The atmosphere playing tricks on your eyes. Mirages are created when light passes through air layers of different densities. Differing densities are caused by abrupt changes in air temperatures, so the greater the change in temperature the better one can see a mirage.

An example of this is often seen on long, straight roads. The road is heated by the sun and air directly above is warmed by the road. Since air is a poor conductor of heat, layers above the warmed layers are much cooler. So on hot days, the surface of the road in the distance appears wet, but as one advances the watery surface disappears since the road is actually dry. This mirage is the result of blue skylight refracting off the road, through air of different densities, until it reaches the eye of the beholder. This same type of mirage appears in deserts as P_I noded above.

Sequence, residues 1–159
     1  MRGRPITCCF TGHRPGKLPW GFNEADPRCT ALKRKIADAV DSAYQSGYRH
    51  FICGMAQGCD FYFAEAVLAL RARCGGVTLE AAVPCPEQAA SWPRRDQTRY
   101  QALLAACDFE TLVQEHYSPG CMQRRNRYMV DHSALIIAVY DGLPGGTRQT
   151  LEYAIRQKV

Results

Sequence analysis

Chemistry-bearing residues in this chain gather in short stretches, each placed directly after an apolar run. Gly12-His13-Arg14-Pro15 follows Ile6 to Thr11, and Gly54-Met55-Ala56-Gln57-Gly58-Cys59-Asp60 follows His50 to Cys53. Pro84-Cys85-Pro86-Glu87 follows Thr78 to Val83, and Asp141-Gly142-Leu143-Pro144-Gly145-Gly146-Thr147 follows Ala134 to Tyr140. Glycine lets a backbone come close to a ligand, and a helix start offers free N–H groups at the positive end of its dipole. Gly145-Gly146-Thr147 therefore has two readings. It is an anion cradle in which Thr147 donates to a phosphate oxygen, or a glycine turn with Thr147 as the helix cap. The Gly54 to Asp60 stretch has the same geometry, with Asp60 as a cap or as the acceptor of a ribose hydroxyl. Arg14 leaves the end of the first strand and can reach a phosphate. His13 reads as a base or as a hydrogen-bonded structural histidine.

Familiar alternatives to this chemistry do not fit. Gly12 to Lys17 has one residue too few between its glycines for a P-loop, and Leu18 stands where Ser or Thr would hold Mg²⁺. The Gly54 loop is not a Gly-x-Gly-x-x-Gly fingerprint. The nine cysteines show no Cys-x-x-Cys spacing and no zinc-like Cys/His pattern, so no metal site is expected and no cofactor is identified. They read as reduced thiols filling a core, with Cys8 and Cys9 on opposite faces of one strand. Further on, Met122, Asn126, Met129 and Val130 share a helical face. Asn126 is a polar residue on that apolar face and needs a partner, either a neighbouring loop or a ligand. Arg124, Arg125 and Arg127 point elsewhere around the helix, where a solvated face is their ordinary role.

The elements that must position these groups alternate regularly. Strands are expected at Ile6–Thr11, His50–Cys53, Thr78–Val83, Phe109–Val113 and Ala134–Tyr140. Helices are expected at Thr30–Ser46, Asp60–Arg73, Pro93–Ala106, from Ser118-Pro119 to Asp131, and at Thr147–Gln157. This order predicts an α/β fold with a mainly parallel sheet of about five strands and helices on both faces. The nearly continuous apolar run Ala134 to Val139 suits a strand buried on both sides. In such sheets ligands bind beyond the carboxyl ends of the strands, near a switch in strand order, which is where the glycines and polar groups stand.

When the air above the ground is warmer with cooler layers above, the refracted light will be inverted making objects appear upside down. In cooler regions, the opposite occurs with cooler air below and warmer air above. This effect causes object in a mirage to appear much higher and closer than they really are. An example of this type of mirage is the Fata Morgana.